10. Have you ever seen a piece of art that left a distinct impression on you for days afterward? A few days ago I was aimlessly wandering Wikipedia and stumbled upon this fantastic piece: This image is a reproduction of an original painting by renowned science-fiction and fantasy illustrator Rowena. It depicts Dr. Isaac Asimov enthroned with symbols of his life's work. It seems to me that the brilliance of this work is in how he is looking upwards at the sun shining down upon him. It's saying something about the far-reaching vision of the man. I drew a pencil sketch of Asimov a while ago, so seeing something like this reminded me on a personal level of how far I have yet to climb. At this point, it's hard enough for me to get the essentials right, so that the image actually looks like the person I'm drawing. (This is a tricky business, by the way! Sometimes a few short strokes of the pencil can change the picture from that of an anonymous person to a slam-dunk visual representation of your subject. The brain's facial recognizer is a harsh mistress.) I encourage you all to post works that impacted you personally, and we can try to discuss the endlessly debated question of what makes art great. (These may be apropos to this thread: How Art Can Be Good, The Myth of Meritocracy in Fine Arts, and The Unanswerable Question of Art)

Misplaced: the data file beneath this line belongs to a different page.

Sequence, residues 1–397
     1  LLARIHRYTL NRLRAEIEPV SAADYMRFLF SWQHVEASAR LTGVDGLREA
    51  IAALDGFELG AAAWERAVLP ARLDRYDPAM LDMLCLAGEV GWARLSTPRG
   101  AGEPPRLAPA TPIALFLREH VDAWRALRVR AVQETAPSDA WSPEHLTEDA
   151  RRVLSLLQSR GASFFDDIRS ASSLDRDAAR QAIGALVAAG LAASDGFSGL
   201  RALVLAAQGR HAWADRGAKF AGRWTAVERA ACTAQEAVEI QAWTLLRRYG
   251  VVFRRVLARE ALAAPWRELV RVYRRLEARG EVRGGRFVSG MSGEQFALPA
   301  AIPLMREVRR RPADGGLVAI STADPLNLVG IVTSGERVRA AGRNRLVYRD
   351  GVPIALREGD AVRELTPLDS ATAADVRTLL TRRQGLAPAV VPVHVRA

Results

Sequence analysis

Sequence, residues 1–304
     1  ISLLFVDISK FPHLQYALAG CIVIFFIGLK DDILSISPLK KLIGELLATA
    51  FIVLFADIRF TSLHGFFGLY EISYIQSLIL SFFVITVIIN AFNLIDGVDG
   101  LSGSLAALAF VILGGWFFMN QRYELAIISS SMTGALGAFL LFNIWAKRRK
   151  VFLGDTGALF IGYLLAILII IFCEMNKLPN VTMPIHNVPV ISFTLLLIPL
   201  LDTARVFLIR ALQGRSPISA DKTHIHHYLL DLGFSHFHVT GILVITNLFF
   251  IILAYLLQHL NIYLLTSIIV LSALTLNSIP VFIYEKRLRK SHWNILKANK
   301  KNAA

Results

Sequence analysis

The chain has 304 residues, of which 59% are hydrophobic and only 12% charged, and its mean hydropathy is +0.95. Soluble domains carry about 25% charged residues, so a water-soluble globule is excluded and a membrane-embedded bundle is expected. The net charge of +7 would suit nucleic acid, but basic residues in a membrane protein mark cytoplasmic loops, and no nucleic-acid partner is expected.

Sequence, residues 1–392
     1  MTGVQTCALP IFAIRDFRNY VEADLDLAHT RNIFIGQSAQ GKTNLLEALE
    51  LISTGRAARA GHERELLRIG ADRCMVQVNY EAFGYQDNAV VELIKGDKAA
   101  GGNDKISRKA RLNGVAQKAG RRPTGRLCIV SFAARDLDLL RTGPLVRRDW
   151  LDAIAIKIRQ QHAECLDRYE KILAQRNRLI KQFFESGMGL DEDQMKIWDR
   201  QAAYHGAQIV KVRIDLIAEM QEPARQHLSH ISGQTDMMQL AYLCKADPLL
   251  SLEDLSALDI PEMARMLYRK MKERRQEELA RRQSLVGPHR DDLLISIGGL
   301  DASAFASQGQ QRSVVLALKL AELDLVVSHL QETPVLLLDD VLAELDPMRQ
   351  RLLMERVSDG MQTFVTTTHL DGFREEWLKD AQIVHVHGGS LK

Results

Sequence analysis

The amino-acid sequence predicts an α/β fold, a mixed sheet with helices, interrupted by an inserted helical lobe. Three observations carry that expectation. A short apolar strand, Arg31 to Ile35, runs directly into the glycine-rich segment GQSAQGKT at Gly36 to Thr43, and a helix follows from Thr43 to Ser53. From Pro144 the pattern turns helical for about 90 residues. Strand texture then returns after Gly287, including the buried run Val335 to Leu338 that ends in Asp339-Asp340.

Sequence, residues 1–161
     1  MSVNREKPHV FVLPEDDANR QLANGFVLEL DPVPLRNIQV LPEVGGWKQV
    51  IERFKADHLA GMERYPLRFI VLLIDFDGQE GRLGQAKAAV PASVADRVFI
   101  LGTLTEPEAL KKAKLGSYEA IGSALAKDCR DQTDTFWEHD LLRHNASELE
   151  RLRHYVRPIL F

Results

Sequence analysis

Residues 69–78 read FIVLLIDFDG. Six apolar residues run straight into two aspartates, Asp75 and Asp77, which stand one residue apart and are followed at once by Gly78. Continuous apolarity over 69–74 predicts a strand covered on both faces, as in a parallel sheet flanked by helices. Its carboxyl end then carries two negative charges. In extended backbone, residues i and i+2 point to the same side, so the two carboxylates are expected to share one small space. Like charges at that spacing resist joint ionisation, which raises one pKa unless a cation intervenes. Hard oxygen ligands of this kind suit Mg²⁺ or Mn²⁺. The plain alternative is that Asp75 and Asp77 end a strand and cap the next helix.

11. Quote:Original post by Flarelocke Quote:Original post by Alpha_ProgDes Quote:Original post by Steadtler Any news if they are EVER going to bring back Battle Programmer Shirase? Who? It's about an absurdly elite programmer, who is probably also a pedophile, and his cyber-fights against a fat, annoying american hacker, and a few other bad guys.Not just any American hacker - he's the KING OF AMERICA!